The client deliberated for a long time over wheels, deciding finally that he did in fact want wire wheels for the car. This proved to be quite a challenge since most of the bodywork at this point was done, and we had to make wheels that would fit within the confines of the body. We couldn’t use true knock-off rims as the offset with the hubs was too great, but our friends at Dayton Wire wheel came through for us with a lovely custom-built set of bolt-on wire wheels.

To keep with the inspiration of the DB4 GT, we needed covered headlights, so we created the forms for two-piece male and female press molds to be made in heavy fiberglass. I took the plugs over to Randy at Sunbacker Fiberglass (http://www.sunbacker.com) in Monroe, WA, who has been laying up our body panels for a number of years now. He fabricated polished molds that we sent to Mark Clapp, who made lovely PETG water-clear headlight lenses for us.

Needing just the right grille material, we called one of our favorite Aston Martin parts suppliers who has supplied us with parts for years of repairs and restoration work for our Aston clients. He had a small amount of DB4 grille material on the shelf, just enough to make one grille section so there could be no mistakes in cutting it, and I scratch-built the grille surround to go with it.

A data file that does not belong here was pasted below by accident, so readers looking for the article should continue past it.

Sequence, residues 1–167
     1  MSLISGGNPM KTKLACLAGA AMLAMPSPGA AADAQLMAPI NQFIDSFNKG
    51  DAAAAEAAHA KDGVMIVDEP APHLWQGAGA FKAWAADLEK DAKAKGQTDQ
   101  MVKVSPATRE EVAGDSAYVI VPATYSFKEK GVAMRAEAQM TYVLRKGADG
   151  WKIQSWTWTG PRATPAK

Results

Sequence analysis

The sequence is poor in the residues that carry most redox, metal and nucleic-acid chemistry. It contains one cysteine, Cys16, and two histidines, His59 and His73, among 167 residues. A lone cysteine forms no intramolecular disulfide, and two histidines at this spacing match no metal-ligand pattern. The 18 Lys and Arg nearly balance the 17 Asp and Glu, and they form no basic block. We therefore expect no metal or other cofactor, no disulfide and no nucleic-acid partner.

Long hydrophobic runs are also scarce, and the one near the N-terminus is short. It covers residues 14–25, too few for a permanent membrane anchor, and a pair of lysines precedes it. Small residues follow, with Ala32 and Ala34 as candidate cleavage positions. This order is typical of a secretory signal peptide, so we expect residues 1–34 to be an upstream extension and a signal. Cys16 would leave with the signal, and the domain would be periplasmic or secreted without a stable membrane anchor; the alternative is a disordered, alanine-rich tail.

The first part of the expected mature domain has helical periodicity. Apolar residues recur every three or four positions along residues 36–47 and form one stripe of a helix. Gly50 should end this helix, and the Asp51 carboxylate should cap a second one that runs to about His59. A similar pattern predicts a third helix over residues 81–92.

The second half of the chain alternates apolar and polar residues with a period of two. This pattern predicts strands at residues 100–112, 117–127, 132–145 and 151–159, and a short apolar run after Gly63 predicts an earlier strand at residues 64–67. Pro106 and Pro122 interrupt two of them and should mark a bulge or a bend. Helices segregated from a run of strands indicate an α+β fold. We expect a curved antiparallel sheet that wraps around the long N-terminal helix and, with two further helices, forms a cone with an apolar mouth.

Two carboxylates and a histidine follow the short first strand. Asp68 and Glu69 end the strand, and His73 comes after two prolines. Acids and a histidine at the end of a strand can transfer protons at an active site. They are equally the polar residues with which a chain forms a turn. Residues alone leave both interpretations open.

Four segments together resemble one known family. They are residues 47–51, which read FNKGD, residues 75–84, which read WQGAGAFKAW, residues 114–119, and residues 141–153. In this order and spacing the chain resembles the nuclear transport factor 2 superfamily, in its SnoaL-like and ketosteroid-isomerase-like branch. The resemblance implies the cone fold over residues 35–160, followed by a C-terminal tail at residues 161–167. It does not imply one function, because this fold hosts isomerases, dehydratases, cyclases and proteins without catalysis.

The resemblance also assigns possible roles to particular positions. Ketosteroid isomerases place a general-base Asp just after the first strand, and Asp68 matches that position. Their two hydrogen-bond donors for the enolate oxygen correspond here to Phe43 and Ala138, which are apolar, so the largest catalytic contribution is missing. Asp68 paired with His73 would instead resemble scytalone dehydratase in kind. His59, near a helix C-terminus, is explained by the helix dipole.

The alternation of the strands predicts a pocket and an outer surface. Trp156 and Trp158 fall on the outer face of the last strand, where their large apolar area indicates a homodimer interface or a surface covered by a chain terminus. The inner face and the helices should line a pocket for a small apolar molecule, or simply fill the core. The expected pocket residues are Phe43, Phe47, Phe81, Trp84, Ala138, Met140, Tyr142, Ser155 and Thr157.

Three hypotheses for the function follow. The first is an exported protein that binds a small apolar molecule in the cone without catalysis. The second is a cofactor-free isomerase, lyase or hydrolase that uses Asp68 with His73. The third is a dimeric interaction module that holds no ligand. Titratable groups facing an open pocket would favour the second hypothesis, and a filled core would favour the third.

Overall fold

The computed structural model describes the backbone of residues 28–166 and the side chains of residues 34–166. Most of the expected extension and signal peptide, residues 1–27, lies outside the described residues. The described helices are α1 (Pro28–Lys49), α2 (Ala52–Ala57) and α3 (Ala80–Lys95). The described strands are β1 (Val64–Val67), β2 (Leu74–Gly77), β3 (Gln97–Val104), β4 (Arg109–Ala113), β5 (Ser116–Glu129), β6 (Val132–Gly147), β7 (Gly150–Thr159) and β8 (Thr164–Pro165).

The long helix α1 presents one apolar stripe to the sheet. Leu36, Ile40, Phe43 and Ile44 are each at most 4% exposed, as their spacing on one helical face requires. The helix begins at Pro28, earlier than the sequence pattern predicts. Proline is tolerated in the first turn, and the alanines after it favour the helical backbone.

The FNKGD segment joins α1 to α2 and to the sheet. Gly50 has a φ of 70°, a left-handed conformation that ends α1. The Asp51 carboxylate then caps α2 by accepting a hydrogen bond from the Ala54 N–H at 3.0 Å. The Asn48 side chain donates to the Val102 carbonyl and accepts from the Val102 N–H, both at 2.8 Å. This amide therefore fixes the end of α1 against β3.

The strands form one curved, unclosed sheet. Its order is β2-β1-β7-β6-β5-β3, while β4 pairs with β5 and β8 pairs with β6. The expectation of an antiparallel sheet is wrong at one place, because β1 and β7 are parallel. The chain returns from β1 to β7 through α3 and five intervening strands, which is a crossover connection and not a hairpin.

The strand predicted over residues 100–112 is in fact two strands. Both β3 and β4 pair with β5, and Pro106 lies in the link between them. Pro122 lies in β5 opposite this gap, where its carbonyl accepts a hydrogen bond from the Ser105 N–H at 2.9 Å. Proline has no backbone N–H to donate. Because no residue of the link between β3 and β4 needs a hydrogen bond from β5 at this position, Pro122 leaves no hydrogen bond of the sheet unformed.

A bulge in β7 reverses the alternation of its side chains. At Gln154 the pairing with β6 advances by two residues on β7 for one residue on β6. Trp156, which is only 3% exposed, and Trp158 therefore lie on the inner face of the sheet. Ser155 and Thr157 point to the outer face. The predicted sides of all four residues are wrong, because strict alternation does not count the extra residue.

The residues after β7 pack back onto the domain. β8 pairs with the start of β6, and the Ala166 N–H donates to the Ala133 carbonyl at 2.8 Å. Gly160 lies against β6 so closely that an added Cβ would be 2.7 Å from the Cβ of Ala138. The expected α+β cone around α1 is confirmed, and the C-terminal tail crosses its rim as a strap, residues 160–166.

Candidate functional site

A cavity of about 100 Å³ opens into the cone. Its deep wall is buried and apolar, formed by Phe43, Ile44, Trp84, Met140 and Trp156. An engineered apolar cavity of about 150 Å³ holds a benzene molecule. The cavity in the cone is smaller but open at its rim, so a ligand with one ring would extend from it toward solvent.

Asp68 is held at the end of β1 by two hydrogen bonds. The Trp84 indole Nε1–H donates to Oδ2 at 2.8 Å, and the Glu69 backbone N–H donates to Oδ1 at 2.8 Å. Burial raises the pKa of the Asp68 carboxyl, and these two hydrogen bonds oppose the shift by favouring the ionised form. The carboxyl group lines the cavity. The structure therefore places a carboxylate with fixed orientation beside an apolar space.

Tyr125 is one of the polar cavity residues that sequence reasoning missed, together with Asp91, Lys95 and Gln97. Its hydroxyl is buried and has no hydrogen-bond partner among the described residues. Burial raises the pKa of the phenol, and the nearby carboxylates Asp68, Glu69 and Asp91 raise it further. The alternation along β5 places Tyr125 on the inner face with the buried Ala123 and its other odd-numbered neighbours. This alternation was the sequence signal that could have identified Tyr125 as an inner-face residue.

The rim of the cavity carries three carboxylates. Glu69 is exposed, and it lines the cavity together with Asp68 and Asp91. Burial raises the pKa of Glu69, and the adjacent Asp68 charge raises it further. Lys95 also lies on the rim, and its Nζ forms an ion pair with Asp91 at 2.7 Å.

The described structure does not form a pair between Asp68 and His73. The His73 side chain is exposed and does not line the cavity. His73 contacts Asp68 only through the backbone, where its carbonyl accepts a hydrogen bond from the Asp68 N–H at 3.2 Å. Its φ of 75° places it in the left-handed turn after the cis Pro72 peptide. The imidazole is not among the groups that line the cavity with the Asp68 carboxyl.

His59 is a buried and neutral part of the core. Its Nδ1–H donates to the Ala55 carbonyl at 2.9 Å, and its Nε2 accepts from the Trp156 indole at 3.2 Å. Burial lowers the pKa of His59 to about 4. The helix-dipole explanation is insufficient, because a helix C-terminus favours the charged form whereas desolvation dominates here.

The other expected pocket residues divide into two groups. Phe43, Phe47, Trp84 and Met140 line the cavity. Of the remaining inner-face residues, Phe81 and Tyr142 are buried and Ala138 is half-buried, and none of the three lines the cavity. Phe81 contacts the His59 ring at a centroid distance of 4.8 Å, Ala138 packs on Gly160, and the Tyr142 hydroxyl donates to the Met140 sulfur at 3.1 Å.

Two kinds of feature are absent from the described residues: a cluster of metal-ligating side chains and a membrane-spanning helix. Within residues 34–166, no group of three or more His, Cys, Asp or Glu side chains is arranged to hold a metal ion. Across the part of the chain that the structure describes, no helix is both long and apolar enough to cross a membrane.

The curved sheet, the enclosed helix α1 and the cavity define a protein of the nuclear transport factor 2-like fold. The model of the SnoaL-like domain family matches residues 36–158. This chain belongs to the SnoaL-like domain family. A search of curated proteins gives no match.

Once the exterior body plug was finished, the car went back over to Randy at Sunbacker Fiberglass, who made body tooling and then hand-laid a set of panels for us. The car came back and we removed all the body-plug parts on the car and fitted the new lightweight panels.

About the time we had all the panels fitted, the new glass arrived and we were able to test-fit the glass to make sure it was going to work. Again, good planning yielded a good result—everything fit just fine.

Time to complete the bodywork, prefit all the trim, lighting and light covers, and off to paint. The car was finished in a color very similar to that used on Aston Martins, with the addition of two custom stripes that the client wanted.

Once painted, the car headed for upholstery for carpets, rear cabin trim and headliner. When it returned, we fitted the seats, lights and trim, adjusted the headlight aim, and cut and buffed the paint. A final clean and detail, and the car was ready to ship to the client.

After spending nearly two years building this creation, it seemed only fitting to be able to show it off at least one time, so we took it to Cars and Coffee with the Whidbey Island Sports Car Club and a photo shoot the weekend before shipping it to the client.

Now on to another project, as it turns out, with the same happy client. This time it’ll be a reproduction of the 1957 Lotus 11 with Ghia Aigle coachwork.